What is a stocktake?

All businesses must account for the value of their trading stock at the end of each income year (closing stock) and at the start of the next income year (opening stock). Trading stock is anything your business acquires, produces or manufactures, for the purposes of manufacturing, selling or exchanging.

Don’t forget to account for any trading stock you use for private purposes. If you take an item of your business's trading stock for your private use, you need to:

  • account for it as if you had sold it
  • include the value of the item in your business's assessable income.

You’re required to do a stocktake as close as possible to the end of each income year.

A stocktake involves counting and checking all products, goods or inventory in your business to make sure your records are accurate and correct. A stocktake lets you work out the value of your trading stock at the end of financial year for business or tax purposes.

Simpler trading stock rules for small business

If you're a small business with an aggregated turnover of less than $10 million a year, and you estimate that the value of your trading stock changed by no more than $5,000 in the year, you don't have to:

  • conduct a formal stocktake
  • account for the changes in your trading stock’s value.

Advantages of a stocktake

As well as meeting your tax obligations, benefits of doing a stocktake can include:

  • gaining a better understanding of your stock levels
  • making sure you don’t have too much or too little inventory on hand
  • identifying what inventory you need to buy
  • improving your cash flow by identifying and reducing slow moving stock
  • detecting theft and gaps in your stock levels
  • reviewing your pricing strategy.

Costs of a stocktake

As well as the benefits, doing a stocktake can come with costs, including:

  • accidental damage since people are physically handling your stock
  • extra employees costs that you hire to help with the stocktake
  • possible lost income due to taking time to check inventory rather than selling goods and services.

Conducting a stocktake

Follow these steps to prepare for and conduct a stocktake for your business.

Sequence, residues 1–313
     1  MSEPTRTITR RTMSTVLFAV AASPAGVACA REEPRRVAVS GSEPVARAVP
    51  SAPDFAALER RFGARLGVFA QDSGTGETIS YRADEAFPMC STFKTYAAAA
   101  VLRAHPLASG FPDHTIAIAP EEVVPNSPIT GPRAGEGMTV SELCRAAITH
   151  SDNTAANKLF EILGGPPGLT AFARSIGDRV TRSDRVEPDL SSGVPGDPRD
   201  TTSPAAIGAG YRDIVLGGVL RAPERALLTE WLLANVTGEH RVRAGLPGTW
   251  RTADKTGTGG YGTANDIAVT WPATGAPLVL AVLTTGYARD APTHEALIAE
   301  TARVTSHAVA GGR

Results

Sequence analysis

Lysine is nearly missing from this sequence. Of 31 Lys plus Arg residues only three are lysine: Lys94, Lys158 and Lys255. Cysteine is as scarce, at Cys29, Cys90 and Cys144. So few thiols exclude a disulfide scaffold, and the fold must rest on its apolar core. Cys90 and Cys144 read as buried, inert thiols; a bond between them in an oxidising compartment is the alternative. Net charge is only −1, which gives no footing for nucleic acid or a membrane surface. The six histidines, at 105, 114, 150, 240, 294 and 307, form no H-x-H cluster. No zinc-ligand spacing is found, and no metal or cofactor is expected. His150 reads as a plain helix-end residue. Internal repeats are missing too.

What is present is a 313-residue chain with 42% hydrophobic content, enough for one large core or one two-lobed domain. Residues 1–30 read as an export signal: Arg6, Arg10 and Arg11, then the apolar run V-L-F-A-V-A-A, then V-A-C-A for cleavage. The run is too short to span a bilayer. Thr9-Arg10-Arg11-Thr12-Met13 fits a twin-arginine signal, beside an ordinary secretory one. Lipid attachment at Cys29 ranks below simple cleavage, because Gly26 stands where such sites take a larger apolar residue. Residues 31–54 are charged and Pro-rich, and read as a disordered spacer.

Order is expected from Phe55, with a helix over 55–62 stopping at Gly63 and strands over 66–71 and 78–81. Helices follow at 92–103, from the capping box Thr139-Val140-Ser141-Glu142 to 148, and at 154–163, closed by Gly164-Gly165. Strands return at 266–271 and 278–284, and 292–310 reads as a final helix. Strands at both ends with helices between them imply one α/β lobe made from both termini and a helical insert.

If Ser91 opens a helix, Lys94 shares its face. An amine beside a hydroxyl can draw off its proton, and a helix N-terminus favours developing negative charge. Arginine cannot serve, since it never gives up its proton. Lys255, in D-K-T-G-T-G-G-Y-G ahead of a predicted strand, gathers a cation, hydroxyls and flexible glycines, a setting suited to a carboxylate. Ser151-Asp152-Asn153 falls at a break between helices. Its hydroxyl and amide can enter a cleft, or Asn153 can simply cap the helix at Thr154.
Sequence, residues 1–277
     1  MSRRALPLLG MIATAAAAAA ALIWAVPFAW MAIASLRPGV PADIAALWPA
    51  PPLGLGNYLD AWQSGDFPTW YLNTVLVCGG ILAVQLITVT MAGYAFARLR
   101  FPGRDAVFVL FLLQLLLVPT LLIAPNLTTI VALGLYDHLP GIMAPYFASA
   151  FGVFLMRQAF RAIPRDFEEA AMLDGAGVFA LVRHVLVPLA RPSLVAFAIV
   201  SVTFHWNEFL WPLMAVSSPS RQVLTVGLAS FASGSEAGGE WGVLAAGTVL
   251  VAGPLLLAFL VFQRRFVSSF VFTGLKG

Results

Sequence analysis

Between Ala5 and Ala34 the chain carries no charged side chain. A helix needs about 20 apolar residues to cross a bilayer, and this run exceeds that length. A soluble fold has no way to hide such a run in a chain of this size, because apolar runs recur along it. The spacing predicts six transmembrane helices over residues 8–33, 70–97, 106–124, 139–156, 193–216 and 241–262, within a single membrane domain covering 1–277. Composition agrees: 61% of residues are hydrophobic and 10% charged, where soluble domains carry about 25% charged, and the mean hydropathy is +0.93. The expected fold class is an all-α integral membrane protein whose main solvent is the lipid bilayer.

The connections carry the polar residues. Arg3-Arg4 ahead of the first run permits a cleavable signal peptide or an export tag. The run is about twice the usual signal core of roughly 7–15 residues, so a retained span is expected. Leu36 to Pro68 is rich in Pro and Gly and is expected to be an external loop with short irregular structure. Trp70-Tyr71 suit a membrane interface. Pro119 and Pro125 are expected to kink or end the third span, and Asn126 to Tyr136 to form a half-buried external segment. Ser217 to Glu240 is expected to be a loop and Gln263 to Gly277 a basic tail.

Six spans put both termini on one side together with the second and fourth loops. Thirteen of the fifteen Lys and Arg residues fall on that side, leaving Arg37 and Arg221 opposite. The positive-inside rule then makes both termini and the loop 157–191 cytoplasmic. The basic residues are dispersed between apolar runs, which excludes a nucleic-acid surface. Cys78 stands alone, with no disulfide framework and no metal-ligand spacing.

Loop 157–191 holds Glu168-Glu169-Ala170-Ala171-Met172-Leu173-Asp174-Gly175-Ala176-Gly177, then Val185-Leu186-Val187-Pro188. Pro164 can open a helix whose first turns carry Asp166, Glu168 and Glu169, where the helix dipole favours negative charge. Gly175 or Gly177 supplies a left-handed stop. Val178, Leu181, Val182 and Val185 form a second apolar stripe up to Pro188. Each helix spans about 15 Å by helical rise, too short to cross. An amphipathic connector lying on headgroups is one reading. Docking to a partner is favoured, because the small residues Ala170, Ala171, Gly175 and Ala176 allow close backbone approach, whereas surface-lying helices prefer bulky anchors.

It can be hard to keep track of your inventory when doing a stocktake. It’s a good idea to plan a stocktake before you start. For example, make sure you have stocktake sheets ready to fill in and ensure your employees know what stock to count.

Doing your stocktake during business hours may interfere with your day-to-day business running and annoy your customers. Depending on your business and customers, consider if you should do your stocktake outside business hours.

Doing a stocktake can be complicated. Consider having a dedicated supervisor at each stocktake location to coordinate your workers and keep things running smoothly.

A stocktake can be costly and time consuming, so only do one when you need to. Stocktakes can help you to identify what stock you need to order or retire, help you keep track of your inventory and detect theft.

Make sure your employees know what to do during the stocktake and provide them with essential tools to complete the stocktake successfully. This may include things like stocktake sheets and pens to help them keep track of what has been counted.

If you’re conducting your stocktake during business hours, consider giving casual employees extra hours to do the stocktake. This can let your other employees continue to serve customers while the stocktake is happening.

The costs of doing a stocktake are higher when your business has a lot of stock. A stocktake sale can help you lower your stock levels before you conduct a stocktake.

Other benefits of doing a stocktake sale can include:

  • higher sales
  • improved customer satisfaction
  • selling inventory before it goes out of season or out of date.

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